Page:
Thursday, March 20, 2014

APE: Author, Publisher, Entrepreneur - Guy Kawasaki & Shawn Welch

The subtitle for APE is How to Publish a Book, and Kawasaki (and Welch, who is referred to in the third person throughout Kawasaki's first-person narration) do a pretty good job of delivering on it.

I've now read a few of these "how-to" books, and this one stands out for a couple of reasons. First, the authors are clear that you shouldn't be publishing just any old crap. A lot of books of this ilk recommend writing your "book" in a weekend, giving it a once-over, and slapping it up on Amazon -- often as a marketing adjunct to your other line of work. Kawasaki and Welch, to their credit, think even this type of would-be author should take the craft of writing more seriously than that. They advocate taking your time in the writing phase -- both in choosing your topic or story and in polishing your prose. They also urge the use of both beta readers and an editor. And they tell you to hire a cover designer. All good so far.

They also advocate striving for excellence in publishing your book. I love the term they've coined -- "artisanal publishing" -- and if I ever start my own publishing house, you can bet I'm going to steal it. Interestingly, they don't flat-out diss Smashwords, but it's certainly not one of their recommended publishing platforms; instead, they advocate uploading directly to the big players: Amazon, Apple, Barnes & Noble, and Kobo. (Apple's not a problem for them; as a tech guy, of course Welch has a Mac. Publishing straight to iBooks is trickier for the PC-bound, which is not a wrinkle the authors give much attention to.)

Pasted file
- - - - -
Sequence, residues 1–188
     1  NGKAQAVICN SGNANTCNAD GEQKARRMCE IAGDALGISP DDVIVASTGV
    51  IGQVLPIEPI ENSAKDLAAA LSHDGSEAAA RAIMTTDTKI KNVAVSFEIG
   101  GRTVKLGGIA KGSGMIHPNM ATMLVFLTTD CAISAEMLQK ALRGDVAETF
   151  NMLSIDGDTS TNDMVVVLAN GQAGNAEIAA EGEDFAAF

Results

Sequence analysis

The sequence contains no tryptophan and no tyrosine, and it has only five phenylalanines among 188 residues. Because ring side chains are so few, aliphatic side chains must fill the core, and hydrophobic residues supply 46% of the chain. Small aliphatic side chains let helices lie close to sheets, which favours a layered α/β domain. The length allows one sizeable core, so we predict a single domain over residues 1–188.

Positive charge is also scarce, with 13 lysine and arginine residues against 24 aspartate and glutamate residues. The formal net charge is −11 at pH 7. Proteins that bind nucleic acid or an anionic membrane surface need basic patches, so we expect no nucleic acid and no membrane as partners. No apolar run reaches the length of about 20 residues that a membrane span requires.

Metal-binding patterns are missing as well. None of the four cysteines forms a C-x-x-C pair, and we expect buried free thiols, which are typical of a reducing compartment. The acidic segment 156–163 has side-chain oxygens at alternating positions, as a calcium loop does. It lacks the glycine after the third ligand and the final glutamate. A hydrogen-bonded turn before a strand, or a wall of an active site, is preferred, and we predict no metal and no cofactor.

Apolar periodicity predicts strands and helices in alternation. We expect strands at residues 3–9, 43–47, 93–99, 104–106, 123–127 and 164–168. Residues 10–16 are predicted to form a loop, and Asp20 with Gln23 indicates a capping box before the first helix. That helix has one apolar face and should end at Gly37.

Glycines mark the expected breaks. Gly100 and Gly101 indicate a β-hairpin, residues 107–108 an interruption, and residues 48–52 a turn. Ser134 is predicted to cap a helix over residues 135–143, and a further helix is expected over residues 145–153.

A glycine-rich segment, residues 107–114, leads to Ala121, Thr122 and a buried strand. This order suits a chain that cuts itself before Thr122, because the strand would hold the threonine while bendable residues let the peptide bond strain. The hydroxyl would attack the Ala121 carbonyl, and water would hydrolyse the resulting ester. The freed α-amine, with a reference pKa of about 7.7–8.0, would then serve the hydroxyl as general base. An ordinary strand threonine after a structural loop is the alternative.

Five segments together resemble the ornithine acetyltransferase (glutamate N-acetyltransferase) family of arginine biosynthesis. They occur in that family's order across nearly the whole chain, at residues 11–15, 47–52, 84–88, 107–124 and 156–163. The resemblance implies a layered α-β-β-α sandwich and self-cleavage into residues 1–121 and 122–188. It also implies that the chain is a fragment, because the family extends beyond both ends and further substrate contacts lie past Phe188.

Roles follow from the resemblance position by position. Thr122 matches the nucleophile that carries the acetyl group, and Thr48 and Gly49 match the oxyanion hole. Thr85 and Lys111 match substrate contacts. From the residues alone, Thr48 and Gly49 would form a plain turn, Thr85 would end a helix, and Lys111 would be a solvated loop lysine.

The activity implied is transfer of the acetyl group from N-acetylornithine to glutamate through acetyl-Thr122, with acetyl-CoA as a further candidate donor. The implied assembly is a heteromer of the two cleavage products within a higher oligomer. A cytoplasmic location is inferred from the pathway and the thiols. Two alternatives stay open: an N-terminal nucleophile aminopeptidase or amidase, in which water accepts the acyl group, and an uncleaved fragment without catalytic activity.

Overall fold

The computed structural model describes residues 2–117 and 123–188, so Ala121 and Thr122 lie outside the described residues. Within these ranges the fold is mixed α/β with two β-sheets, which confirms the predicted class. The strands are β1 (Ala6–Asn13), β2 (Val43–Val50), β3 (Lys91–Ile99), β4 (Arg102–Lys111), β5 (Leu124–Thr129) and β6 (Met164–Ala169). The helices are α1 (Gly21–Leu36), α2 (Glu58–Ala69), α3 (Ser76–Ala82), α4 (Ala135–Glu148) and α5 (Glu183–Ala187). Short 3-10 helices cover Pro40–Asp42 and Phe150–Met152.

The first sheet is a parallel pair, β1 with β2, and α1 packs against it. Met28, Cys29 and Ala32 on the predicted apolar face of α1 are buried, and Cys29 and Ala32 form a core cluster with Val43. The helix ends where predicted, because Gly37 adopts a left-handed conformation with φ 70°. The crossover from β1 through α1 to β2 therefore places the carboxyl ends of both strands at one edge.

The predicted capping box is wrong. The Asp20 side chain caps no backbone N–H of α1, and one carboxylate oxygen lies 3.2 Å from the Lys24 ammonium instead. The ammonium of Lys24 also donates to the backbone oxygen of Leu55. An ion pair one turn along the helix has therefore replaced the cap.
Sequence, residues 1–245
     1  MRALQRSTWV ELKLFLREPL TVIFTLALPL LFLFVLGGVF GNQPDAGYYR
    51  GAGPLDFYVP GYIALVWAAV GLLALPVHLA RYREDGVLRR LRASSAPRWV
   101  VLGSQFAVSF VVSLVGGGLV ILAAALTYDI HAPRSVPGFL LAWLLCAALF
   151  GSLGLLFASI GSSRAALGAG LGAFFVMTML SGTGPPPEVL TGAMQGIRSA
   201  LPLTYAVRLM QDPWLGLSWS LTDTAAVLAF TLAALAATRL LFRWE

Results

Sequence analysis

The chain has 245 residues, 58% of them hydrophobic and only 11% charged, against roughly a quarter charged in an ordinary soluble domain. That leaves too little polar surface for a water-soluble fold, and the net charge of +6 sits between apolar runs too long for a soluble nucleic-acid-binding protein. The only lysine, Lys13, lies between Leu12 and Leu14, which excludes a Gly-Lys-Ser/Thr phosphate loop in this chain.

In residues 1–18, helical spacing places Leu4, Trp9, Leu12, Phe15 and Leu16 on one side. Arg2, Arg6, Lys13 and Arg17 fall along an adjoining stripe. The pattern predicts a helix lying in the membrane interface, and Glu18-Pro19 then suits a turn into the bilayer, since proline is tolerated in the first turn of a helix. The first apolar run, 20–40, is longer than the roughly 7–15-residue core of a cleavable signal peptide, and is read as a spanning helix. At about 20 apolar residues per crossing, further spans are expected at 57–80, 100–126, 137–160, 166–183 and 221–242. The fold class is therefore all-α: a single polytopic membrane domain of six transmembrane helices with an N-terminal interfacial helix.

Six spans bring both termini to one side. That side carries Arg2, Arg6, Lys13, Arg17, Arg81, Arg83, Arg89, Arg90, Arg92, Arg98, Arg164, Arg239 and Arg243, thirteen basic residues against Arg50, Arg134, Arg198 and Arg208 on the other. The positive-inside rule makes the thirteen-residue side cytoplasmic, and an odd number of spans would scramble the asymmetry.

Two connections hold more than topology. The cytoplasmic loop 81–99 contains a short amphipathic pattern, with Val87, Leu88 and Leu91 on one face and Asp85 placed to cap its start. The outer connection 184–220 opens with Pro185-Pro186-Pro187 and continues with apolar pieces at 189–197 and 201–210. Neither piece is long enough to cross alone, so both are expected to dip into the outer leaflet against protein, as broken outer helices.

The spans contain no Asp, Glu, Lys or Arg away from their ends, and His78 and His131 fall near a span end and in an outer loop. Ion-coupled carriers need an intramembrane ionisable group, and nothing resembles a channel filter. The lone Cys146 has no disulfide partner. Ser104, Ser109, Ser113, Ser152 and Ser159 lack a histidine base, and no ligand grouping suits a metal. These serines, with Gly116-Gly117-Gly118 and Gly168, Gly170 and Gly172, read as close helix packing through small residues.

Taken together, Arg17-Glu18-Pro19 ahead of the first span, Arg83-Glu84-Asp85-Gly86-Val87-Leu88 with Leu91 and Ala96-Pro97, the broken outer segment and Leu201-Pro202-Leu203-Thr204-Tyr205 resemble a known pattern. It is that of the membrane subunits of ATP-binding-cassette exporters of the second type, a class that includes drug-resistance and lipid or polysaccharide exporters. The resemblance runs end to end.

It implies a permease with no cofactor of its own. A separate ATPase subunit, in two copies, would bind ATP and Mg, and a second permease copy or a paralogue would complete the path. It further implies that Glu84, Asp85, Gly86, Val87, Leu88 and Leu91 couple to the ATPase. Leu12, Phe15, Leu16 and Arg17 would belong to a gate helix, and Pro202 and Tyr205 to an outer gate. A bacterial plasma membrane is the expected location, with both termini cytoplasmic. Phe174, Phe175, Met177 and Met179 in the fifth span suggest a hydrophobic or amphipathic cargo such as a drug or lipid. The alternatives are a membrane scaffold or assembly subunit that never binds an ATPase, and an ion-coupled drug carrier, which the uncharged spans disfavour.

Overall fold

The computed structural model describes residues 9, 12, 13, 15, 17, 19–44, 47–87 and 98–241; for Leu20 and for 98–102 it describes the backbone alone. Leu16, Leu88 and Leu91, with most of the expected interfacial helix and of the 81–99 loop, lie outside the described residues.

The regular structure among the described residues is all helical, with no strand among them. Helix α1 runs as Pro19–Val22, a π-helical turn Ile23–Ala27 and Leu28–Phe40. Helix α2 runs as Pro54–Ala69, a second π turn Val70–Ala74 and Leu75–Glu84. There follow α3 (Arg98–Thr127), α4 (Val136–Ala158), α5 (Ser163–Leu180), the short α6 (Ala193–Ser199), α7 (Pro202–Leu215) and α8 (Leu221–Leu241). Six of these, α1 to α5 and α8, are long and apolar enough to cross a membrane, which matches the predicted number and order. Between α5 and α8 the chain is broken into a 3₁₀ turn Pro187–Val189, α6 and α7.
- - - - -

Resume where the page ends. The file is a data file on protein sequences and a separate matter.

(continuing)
It's in talking about the entrepreneur leg that the book falters a bit for the average indie. If you've already got a following and/or you're rolling in dough, you'll have no trouble using their suggestions to send ARCs to hundreds of your closest friends and betas and/or crowdsource buzz on NetGalley at $399 per book. The rest of us will have to continue muddling along, building our platform one fan at a time.

I also wish the authors had spoken out against vanity publishing. Kawasaki and Welch lump the Author Solutions companies together with CreateSpace and Lulu as "author services companies." True, CreateSpace and Lulu offer a fee-for-service option to indies who don't feel capable of going it alone, or who simply don't want to take the time to learn. But they also offer do-it-yourself options for a whole lot less money, including -- hello! -- free. That's anathema to the business model of predatory vanity publishers like Author Solutions. For serious, guys, a real publisher pays you for the privilege of publishing your work -- not the other way around. Even if all you want to do is make Great-aunt Kate's recipes into a book for Christmas gifts for the family, I would never send you to Author Solutions or Publish America (which is now calling itself America Star Books). Your chances of getting ripped off are just too great.

I'll get down off my soapbox now. APE features some good advice and some innovative ideas. Like most books in this genre, readers should take what they need and leave the rest.

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